A recent case out of Melbourne raises a new question of whether a director of a company, who works at said company, is an employee for the purposes of accessing Fair Work provisions, specifically an unfair dismissal remedy.
Mr Aaron Pottenger (the Applicant), director of Department of Caffeine Pty Ltd (the Respondent) – which operated a cafe called Two Feet First – made an application for unfair dismissal under section 394 of the Fair Work Act 2009 (the Act). The other two company directors argued (in addition to his filing outside of the 21 day time limit) that the Applicant was not an employee of the cafe.
The Applicant had been working as a front of house manager at the cafe for approximately 40 hours per week before the other two directors had allegedly raised concerns about his performance in that role. No contract of employment was signed.
The Respondent alleged that the Applicant lacked managerial skills and had issues with timeliness, on one occasion leaving the cafe unsupervised for two days. After a warning letter, they offered the Applicant a contract of employment in an attempt to encourage him to make improvements, but the Applicant did not sign it and continued to work. They eventually “terminated” him on 2 March 2018 during a board meeting.
Now, here’s where things get murky: When asked to return the keys to the cafe, the Applicant replied that he had been given the opportunity to resign and had chosen not to. The Applicant states that the date of “termination” was actually 10 March 2018, when they held a further board meeting, advising him he was dismissed from his position.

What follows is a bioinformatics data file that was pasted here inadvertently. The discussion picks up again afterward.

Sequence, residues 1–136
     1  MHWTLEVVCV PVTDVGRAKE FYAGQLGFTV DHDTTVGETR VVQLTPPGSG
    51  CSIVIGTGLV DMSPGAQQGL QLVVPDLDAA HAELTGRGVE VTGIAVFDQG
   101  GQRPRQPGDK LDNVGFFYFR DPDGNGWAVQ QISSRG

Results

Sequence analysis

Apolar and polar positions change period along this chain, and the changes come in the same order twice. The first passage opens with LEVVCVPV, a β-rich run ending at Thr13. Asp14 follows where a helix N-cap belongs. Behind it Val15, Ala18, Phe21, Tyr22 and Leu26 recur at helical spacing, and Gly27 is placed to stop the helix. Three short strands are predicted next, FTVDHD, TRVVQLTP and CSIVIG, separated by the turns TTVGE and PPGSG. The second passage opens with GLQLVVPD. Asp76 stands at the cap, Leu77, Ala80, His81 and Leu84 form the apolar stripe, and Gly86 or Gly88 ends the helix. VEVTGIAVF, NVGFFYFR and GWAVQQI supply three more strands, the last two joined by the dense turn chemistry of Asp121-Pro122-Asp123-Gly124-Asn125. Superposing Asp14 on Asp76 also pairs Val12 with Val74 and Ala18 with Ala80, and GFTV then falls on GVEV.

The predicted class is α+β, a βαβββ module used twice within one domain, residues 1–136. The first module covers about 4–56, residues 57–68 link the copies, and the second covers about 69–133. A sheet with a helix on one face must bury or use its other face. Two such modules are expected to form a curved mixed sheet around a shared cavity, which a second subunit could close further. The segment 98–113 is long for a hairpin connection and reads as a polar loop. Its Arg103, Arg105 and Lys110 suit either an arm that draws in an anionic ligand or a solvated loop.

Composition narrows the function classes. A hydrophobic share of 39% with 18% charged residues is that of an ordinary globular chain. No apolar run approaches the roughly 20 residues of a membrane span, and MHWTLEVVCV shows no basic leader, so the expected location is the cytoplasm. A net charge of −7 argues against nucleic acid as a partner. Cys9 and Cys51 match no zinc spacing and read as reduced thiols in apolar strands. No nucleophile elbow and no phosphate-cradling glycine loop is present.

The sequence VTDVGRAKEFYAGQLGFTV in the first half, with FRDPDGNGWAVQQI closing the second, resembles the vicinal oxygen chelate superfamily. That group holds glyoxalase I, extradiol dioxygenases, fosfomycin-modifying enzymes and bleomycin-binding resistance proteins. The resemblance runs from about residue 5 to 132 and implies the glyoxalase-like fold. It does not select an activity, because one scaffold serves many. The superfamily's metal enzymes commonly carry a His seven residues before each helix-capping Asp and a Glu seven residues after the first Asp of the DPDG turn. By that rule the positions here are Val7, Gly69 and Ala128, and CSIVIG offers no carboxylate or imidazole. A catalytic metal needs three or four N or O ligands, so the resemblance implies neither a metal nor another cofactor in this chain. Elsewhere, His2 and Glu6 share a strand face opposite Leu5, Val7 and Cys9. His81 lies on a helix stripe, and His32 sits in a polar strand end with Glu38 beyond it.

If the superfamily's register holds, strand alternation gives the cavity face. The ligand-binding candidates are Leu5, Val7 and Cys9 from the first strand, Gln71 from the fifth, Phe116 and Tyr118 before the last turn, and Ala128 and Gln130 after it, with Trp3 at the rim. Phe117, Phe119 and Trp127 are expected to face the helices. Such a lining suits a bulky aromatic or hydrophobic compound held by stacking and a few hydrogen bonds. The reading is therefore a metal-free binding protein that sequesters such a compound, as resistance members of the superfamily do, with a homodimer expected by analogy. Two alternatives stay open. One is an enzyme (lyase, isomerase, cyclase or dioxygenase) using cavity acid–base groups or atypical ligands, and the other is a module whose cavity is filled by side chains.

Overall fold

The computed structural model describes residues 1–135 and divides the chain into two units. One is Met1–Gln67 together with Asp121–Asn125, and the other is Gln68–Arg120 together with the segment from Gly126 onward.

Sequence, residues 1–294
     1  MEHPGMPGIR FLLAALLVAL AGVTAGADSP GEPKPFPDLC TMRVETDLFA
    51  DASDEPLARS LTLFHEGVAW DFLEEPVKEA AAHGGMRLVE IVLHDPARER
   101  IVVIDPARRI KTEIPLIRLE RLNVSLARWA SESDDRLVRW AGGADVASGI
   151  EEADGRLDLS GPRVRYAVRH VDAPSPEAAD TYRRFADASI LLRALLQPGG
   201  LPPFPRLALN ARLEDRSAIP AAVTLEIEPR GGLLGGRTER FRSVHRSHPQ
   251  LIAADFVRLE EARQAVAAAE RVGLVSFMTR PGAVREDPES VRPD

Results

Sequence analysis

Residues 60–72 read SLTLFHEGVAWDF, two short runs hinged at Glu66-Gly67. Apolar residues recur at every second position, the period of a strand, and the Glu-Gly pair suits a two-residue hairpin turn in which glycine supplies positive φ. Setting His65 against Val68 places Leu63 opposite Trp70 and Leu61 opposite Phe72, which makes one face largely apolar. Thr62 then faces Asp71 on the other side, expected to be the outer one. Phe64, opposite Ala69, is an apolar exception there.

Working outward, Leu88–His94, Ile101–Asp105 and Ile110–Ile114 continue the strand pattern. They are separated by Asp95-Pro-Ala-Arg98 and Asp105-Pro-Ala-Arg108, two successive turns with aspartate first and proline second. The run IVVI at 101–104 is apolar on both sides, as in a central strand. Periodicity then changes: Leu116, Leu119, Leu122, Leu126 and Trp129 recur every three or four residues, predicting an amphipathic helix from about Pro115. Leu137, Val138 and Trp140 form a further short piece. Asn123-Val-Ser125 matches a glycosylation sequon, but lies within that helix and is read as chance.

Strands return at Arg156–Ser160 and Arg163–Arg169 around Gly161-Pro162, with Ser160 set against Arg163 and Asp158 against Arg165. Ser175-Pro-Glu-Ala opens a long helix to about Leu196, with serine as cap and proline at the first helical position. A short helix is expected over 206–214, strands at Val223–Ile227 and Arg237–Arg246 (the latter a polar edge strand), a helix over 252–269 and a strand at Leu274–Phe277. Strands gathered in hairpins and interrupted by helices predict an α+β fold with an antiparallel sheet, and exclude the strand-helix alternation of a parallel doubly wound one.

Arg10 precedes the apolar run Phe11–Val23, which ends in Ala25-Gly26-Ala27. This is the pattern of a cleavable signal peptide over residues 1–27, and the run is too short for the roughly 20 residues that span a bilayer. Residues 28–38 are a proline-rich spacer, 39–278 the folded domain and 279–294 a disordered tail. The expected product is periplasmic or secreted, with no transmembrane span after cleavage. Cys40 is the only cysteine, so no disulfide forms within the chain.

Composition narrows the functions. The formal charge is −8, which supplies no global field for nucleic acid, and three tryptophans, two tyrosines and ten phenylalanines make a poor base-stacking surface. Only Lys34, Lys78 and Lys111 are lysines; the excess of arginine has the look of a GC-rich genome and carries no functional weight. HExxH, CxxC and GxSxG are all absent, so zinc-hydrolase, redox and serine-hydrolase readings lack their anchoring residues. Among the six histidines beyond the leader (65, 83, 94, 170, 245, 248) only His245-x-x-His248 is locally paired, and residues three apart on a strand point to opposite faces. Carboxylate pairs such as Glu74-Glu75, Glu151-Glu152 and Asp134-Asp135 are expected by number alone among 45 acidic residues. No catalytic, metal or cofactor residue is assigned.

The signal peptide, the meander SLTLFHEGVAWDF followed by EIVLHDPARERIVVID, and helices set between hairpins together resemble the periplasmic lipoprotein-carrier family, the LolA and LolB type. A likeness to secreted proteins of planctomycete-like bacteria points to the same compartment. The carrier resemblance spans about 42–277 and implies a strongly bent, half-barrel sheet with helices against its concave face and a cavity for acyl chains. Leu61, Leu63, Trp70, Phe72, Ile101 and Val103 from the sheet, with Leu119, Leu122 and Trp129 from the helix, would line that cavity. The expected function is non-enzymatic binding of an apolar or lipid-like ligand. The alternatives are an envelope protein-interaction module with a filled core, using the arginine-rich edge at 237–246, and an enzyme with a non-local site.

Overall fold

Was he an employee?
The Respondent argued that the Applicant was not an employee, and that he simply undertook work for the company to help it become a success (apparently common in small private companies). They did not deny that a director couldn’t be an employee of that business also, however.
Now it gets more murky: the Respondent paid the Applicant each week, deducting tax and making superannuation contributions to his preferred fund, as well as providing him with payslips.
The law states that whether a person is an employee is a question to be answered by reference to all relevant considerations.
The Fair Work Commission (the Commission) found that the Applicant was in fact an employee of the company for the following reasons:
- He was paid a salary, with tax contributions and superannuation deductions made;
- He was paid accrued leave entitlements on termination; and
- He was described as an ’employee’ on multiple occasions.
Despite this, the Applicant was not entitled to bring a claim for unfair dismissal as he was not able to have the 21 day requirement extended.
Ensure that your position and obligations within the company are clarified outside of the shareholder agreement when individuals are undertaking work on behalf of the company in their own time.
If you are a company director, make sure you have contracts of employment drawn up and ready for signature before a director decides to undertake work for the company.
Read the full decision here.